Thursday, June 15, 2017

Toronto 2050: bring on the favelas!

Toronto 2050.
Image result for favelas

That's a shot of the Humber River Valley circa 2050. None of that stuff was built with official building permits. No, officialdom is out of the picture in these "unofficial" subdivisions that have been popping up since the early '20s. Word is you get your building permit from the Crips or the Hells Angels instead, but the good news is they come through in three weeks instead of three years.

And the building code is a little loosey-goosey. The prevailing ethos has it that it's your house; if you want to build with used shipping pallets and recycled corrugated steel, more power to you.

How did it come to this?

Back in the early 21st century governments at all levels were gung-ho on bringing in unlimited numbers of immigrants without any kind of concomitant housing policy. While the newcomers tried to make the best of it for a while, doubling and trebling and quadrupling up in 450 square foot downtown condos, eventually something had to give.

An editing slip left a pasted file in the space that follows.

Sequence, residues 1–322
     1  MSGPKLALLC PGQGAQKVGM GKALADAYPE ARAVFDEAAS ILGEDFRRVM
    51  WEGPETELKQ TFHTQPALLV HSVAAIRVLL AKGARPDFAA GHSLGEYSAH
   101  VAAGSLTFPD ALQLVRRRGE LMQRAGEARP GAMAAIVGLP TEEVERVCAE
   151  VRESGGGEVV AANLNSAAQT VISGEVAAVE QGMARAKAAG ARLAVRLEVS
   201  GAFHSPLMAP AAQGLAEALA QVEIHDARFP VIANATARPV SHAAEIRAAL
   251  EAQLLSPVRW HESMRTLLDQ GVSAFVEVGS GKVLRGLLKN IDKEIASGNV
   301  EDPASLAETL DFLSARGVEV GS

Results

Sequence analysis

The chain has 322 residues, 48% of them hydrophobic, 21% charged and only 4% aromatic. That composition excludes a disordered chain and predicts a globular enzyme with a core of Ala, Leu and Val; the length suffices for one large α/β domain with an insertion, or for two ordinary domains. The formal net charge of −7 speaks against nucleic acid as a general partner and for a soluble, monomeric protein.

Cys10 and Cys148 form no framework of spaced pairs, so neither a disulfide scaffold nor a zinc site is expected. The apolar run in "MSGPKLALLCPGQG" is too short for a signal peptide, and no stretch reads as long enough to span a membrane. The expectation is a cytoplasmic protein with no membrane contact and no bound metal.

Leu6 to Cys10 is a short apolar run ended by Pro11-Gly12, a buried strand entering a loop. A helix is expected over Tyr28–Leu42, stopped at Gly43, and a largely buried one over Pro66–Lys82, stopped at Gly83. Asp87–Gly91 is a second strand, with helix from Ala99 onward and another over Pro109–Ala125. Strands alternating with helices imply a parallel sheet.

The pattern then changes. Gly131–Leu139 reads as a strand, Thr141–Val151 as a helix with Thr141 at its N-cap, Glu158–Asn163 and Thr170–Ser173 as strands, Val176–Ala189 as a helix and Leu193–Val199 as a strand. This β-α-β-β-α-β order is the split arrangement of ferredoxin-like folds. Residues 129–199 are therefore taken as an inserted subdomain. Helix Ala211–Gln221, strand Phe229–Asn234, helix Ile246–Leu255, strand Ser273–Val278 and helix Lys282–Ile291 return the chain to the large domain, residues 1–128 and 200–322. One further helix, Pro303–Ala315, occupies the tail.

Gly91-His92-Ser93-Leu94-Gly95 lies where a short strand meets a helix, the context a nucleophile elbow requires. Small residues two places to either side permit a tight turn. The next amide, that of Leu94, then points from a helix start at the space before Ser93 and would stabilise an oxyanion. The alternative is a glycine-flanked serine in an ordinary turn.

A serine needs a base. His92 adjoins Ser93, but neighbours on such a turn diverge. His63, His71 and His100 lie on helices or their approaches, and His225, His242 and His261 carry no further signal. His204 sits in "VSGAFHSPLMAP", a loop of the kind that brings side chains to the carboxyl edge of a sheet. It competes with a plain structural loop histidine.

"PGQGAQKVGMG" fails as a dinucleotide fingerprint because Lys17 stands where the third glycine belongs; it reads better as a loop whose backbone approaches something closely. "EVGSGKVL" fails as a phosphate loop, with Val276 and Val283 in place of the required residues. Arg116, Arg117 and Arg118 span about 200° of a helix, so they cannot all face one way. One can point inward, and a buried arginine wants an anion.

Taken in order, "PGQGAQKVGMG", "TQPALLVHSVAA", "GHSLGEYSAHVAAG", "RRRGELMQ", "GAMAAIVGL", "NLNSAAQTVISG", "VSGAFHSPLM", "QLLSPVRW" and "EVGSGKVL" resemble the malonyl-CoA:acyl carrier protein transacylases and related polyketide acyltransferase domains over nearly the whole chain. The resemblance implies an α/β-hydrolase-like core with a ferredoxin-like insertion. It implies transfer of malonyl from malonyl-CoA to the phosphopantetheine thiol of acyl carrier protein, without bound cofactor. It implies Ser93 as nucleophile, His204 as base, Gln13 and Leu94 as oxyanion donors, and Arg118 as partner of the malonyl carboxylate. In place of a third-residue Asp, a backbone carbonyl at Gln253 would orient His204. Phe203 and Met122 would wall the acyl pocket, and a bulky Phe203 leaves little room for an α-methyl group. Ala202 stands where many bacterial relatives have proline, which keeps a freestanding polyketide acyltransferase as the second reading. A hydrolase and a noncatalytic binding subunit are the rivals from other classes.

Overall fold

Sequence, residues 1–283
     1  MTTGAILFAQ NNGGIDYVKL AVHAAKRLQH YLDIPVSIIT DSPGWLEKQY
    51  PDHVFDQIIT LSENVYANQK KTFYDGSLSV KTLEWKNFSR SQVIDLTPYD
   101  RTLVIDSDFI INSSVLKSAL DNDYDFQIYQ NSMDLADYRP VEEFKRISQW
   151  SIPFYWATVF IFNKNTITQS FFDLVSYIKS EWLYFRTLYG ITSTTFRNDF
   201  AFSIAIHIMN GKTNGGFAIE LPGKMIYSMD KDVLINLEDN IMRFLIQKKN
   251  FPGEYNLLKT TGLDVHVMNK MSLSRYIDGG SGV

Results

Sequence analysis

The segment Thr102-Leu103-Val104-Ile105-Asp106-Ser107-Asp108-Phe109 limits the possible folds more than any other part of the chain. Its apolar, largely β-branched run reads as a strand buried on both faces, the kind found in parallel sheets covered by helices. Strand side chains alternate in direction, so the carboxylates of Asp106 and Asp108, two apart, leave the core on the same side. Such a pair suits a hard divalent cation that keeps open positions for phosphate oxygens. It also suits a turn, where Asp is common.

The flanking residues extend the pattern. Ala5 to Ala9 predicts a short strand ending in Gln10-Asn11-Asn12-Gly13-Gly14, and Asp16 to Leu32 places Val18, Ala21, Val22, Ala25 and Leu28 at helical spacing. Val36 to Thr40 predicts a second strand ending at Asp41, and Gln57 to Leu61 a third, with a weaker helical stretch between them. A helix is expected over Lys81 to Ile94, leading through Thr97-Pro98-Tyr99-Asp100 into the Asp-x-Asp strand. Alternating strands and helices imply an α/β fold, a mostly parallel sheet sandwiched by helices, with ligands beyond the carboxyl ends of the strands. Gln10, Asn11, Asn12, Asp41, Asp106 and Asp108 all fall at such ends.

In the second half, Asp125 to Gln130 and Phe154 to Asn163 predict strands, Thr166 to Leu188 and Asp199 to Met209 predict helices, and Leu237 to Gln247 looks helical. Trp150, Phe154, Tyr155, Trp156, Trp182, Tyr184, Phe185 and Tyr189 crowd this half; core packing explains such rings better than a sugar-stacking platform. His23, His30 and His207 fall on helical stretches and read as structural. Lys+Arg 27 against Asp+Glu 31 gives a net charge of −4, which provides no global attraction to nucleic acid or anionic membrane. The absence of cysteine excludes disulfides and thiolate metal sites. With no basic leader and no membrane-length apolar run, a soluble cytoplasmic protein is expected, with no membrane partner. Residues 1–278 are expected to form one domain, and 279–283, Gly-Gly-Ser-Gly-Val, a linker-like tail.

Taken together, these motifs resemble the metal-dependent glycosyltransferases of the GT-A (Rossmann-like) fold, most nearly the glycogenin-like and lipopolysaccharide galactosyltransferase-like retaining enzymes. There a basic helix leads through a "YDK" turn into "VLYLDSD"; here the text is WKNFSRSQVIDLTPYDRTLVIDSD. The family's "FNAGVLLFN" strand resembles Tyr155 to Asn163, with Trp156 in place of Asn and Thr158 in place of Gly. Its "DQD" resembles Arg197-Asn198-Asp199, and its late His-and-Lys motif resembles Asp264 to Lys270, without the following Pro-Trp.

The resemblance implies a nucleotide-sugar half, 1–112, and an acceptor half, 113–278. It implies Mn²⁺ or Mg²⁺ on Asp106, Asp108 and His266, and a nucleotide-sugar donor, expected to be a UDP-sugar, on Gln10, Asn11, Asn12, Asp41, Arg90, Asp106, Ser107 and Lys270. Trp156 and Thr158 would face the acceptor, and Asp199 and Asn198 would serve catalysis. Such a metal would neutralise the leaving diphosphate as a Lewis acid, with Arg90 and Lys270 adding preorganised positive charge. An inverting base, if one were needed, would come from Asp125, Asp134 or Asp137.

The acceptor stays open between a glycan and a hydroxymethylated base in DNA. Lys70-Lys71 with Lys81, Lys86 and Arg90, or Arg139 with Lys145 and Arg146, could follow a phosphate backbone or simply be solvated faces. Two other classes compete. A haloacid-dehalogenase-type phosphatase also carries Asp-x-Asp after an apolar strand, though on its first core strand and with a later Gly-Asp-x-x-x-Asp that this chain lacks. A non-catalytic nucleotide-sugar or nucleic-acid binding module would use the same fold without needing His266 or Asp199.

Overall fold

It was inevitable that the barren banks of the Don and Humber valleys would have to be colonized. Previously inhabited by a few thousand homeless folks, it didn't take this gentrification movement long to take hold. After all, you can buy a tiny condo downtown for two thou per foot, or you can spend a week scavenging and put up the same square footage, with a pleasant view of the Humber valley, for nothing more than the sweat of your brow!

Today (2050) the banks of the Humber are estimated to house at least half a million Torontonians. Nobody knows for sure because government census takers, like all representatives of officialdom, are generally unwelcome. These suburbs tend to be self-regulating. The economy is largely barter-based. I'll hook up your computer in return for a couple of pan-ready bunnies from your roof-top rabbit farm.

Oddly enough, quality-of-life surveys done by the prestigious Richard Florida Centre for Studies in Gentrification consistently show that the residents of Favelaville have a higher level of life satisfaction than the residents of Toronto proper.

It's all good!

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